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I struggled on and off with depression for a very long time before gaining an understanding of what was happening inside me, why, and what I could do with that pain. My opinion of what depression is, what "mental illness" is, changed significantly during the pandemic, as a result of various experiences that I had, people that I met (online, of course), books that I read, and a mental health advocacy group that I became involved with. Or perhaps, more accurately, my opinion of "mental illness" is the same as it has always been, deep down: it is not a medical disease, but a response to trauma and to living in a world with tremendous pain, injustice, and profoundly harmful systems. The pandemic was simply the first time I discovered others who share my views. I think that profoundly painful place that gets labeled "depression" can also be something else: the beginning of profound transformation.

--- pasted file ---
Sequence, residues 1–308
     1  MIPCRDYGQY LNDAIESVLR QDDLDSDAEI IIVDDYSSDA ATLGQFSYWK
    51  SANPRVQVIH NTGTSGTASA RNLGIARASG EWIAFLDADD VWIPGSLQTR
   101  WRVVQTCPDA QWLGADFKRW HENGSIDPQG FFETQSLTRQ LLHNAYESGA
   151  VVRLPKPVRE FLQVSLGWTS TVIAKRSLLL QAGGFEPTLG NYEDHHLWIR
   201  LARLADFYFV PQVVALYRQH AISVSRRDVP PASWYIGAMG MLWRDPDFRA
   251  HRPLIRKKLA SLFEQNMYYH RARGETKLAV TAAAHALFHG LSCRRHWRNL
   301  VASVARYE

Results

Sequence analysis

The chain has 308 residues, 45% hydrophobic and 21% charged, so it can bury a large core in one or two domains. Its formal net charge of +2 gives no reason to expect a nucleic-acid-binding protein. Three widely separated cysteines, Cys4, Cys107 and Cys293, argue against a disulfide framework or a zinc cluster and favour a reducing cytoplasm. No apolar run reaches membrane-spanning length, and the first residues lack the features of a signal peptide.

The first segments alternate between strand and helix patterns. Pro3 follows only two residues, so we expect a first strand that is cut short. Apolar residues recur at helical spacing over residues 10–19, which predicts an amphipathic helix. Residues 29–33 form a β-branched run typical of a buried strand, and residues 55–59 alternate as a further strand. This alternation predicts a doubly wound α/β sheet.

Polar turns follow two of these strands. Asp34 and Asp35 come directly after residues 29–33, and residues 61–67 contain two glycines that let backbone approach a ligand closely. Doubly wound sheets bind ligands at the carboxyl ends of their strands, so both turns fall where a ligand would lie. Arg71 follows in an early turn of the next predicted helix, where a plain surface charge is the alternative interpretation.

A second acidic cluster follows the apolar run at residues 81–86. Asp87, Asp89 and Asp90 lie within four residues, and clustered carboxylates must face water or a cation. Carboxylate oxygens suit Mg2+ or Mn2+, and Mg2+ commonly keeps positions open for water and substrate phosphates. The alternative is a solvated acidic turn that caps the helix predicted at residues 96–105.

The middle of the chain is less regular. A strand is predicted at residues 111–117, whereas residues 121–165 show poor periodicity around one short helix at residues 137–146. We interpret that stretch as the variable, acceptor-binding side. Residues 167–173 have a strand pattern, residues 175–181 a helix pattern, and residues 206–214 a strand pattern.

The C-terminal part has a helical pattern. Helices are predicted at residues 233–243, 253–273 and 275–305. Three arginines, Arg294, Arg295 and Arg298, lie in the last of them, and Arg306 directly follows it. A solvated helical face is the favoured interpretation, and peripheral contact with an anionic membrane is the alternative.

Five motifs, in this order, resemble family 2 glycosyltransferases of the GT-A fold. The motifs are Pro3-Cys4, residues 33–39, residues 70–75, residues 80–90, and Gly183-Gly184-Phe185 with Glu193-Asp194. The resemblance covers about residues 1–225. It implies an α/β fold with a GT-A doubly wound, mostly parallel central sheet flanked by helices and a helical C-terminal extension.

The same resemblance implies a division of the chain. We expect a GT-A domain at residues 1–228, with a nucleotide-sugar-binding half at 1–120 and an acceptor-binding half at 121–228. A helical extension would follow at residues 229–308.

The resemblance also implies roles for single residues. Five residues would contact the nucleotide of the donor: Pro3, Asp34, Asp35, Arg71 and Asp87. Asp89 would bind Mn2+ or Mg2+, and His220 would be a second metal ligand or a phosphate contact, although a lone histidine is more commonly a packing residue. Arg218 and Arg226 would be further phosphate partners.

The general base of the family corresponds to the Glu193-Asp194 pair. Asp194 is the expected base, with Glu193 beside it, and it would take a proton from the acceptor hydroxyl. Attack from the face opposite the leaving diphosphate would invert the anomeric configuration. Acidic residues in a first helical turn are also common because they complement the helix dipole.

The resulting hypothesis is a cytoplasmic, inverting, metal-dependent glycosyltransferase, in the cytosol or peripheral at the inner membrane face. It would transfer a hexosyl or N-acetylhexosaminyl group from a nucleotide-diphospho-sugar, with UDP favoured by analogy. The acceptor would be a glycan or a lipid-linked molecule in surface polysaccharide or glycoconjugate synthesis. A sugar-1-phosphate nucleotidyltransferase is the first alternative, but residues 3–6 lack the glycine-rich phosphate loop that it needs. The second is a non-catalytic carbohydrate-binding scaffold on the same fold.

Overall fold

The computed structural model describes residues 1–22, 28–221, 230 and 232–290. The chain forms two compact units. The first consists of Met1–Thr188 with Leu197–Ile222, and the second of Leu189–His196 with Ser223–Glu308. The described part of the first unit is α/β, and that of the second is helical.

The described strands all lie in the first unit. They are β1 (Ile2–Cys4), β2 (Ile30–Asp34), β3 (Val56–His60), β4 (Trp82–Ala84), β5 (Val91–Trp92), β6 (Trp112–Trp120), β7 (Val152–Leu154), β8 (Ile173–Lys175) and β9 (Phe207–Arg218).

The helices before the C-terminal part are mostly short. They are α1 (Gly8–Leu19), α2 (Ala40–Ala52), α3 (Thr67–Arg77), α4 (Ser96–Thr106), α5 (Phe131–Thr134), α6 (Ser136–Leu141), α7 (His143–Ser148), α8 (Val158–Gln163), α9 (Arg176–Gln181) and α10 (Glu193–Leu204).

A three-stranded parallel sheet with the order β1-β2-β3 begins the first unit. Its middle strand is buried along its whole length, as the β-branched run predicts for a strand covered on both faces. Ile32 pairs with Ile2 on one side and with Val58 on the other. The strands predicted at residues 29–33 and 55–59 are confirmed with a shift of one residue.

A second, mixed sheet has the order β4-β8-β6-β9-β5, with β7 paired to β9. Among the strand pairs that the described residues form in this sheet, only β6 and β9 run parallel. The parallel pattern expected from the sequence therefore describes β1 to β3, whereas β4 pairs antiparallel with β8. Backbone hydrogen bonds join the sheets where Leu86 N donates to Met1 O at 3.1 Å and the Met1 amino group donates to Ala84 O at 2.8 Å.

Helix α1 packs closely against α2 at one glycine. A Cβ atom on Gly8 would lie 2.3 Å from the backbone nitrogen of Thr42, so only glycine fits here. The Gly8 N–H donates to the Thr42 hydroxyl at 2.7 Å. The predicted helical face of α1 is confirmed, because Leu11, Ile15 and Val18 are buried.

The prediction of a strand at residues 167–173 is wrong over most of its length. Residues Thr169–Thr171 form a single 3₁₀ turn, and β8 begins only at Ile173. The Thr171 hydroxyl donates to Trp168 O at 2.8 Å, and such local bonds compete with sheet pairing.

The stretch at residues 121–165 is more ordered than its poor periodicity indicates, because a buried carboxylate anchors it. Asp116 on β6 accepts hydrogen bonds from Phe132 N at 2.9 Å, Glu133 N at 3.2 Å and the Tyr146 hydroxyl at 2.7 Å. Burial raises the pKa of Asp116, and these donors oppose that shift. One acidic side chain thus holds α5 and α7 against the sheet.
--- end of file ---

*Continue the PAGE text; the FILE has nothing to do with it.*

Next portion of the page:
I'm working on a book about depression and will post more information here as soon as possible. For now, I'll just share these resources and websites; they have all helped me tremendously:


Mental Health Survival Kit and Withdrawal from Psychiatric Drugs by Peter C. Gøtzsche, MD

Outside Mental Health: Visions and Voices of Madness by Will Hall

De-Medicalizing Misery: Psychiatry, Psychology and the Human Condition edited by Mark Rapley, Joanna Moncrieff, and Jacqui Dillon

Lost Connections: Why You're Depressed and How to Find Hope by Johann Hari

and the poem: Hail to You! by Kazimierz Dąbrowski


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